This article explores a great idea, which is consistent with a lot of the things we already know about the immune system, including the fact that mood, among many other things, can affect it. However, Vedhara does not help her case when she says things like, “While not statistically significant, we found evidence that antibody levels in people who received our intervention appeared to be enhanced.”

Serum antibody levels jump all over the place, they go up, they go down, like a lot of things we measure in blood tests, for reasons known and unknown. What she is aiming to do here is to find out whether there is an effect on them because of mood. To do that, she has to get past the "noise" of fluctuations that occur from other causes. The way we do that is with statistics.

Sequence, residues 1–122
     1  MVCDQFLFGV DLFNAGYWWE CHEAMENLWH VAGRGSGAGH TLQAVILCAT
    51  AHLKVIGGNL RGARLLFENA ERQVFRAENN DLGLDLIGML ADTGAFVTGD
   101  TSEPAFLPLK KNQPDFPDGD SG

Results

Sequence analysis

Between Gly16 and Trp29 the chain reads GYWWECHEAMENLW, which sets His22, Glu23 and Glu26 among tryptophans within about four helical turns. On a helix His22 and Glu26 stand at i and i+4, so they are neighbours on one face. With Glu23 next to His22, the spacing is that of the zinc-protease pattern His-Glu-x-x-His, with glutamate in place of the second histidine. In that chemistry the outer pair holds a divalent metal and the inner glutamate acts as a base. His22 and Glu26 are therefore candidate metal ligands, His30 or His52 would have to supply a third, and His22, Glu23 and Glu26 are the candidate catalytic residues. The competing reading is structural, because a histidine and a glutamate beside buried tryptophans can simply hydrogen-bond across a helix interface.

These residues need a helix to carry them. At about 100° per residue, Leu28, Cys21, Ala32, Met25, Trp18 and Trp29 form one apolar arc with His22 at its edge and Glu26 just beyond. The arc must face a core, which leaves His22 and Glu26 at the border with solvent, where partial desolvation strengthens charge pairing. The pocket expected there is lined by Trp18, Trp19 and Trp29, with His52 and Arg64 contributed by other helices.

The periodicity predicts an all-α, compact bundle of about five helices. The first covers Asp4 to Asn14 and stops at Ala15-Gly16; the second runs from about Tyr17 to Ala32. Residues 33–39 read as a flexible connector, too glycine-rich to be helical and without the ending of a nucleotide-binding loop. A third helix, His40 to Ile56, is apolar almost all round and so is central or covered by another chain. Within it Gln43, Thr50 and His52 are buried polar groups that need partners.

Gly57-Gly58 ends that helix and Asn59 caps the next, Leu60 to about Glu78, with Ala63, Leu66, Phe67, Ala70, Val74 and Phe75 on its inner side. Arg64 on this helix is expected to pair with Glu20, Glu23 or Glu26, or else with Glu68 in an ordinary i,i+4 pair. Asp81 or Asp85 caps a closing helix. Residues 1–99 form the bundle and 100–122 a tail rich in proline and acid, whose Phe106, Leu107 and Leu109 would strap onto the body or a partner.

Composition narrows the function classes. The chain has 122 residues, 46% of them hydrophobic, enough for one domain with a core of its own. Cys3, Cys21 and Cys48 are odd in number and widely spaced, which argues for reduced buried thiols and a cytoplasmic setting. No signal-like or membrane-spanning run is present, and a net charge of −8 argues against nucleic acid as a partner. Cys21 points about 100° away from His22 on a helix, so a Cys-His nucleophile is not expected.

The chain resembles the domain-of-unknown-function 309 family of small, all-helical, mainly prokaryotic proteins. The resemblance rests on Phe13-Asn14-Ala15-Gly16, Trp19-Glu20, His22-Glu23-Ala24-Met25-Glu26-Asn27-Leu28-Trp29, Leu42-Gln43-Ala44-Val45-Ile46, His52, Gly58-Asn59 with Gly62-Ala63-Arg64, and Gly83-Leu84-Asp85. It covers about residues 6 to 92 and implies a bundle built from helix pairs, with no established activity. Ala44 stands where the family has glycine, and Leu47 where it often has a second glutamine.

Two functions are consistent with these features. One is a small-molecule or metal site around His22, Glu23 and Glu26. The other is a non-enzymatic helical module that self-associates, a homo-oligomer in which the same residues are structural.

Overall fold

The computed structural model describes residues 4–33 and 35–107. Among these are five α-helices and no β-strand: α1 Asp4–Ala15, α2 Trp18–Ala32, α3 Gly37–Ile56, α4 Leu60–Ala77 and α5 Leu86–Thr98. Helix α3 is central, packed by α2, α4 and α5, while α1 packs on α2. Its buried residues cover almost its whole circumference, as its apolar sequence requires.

So if her data, when analyzed statistically, does not show the effect of mood on antibody levels, then, no, she does not have the evidence that she claims in this sentence. There was no evidence found in this study that mood affects anybody levels. Maybe mood effects anybody levels post vaccination, maybe it doesn't. This study is inconclusive.